Sometimes when working with Rails objects with relationships in memory, strange things can happen. You can edit the attribute of some object and when accessing it using a relationship, the changes will be gone. It has to do with in-memory objects and how ActiveRecord handles them. But there is a way to make sure you always work with the same object.
inverse_of is a Rails relationship option that will optimize object loading and can be really helpful when you're working with object in memory a lot. It's not very well documented, so I thought I'd write a small blog post about it.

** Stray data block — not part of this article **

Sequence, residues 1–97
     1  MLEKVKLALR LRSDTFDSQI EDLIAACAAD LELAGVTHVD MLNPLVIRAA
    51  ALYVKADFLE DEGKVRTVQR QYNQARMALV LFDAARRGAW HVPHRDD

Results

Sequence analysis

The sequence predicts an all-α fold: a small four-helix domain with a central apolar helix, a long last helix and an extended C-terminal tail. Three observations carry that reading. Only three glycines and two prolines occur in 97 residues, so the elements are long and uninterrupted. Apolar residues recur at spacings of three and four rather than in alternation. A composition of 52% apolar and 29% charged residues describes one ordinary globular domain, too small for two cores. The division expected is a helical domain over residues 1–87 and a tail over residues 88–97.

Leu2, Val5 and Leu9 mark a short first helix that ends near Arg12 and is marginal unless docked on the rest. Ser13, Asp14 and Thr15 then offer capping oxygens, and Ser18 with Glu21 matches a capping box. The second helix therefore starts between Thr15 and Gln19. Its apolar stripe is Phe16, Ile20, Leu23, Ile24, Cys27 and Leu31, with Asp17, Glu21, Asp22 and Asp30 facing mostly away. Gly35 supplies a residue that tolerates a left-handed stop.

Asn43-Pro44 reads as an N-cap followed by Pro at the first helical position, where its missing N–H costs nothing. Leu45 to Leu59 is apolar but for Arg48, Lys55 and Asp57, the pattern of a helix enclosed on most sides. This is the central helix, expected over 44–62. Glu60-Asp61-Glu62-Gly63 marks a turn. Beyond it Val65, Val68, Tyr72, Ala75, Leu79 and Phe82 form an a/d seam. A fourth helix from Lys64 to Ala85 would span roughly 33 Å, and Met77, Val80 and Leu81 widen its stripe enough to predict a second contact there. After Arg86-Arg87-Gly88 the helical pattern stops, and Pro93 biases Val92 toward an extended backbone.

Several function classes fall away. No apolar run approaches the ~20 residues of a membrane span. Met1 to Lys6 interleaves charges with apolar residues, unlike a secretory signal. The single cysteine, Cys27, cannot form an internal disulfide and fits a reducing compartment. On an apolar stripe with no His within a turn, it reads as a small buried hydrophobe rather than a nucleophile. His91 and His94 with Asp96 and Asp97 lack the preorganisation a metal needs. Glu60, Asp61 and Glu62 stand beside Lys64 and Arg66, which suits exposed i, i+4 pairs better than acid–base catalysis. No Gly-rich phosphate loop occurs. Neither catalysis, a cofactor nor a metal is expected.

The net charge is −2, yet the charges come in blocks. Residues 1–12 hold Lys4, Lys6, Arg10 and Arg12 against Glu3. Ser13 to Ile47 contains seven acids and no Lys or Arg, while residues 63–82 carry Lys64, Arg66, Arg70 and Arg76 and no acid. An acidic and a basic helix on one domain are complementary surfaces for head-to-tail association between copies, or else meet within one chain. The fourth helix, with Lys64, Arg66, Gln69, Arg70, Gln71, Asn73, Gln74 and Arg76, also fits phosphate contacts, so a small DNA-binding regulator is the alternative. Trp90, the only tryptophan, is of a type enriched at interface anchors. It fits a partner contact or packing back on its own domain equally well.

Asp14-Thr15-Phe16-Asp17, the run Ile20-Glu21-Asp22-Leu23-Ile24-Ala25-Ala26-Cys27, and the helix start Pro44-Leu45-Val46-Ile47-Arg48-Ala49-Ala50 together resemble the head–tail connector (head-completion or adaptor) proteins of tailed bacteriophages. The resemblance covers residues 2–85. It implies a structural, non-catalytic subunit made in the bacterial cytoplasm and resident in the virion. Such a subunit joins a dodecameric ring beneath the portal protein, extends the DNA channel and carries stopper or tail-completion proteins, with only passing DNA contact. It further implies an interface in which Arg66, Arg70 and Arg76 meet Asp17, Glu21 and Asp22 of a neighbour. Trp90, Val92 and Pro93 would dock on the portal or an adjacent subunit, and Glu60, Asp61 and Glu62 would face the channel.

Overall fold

The setup:Setup gist
If I were to open up a console and add a Post with two Comments, I could then do this:
The last few lines does seem weird, doesn't it? I was banging my head quite a bit after discovering this. But here's
inverse_of to the rescue! Please note the pluralization of
comments, it maps to how the inversed relationship will be used.
inverse_of will trigger ActiveRecord to optimize object handling. In other words, it will use the same in-memory object when it's the same object and accessing it the way the inverse_of relationship has been configued.
It has a few limitations and you can read some more about it in the Ruby on Rails documentation.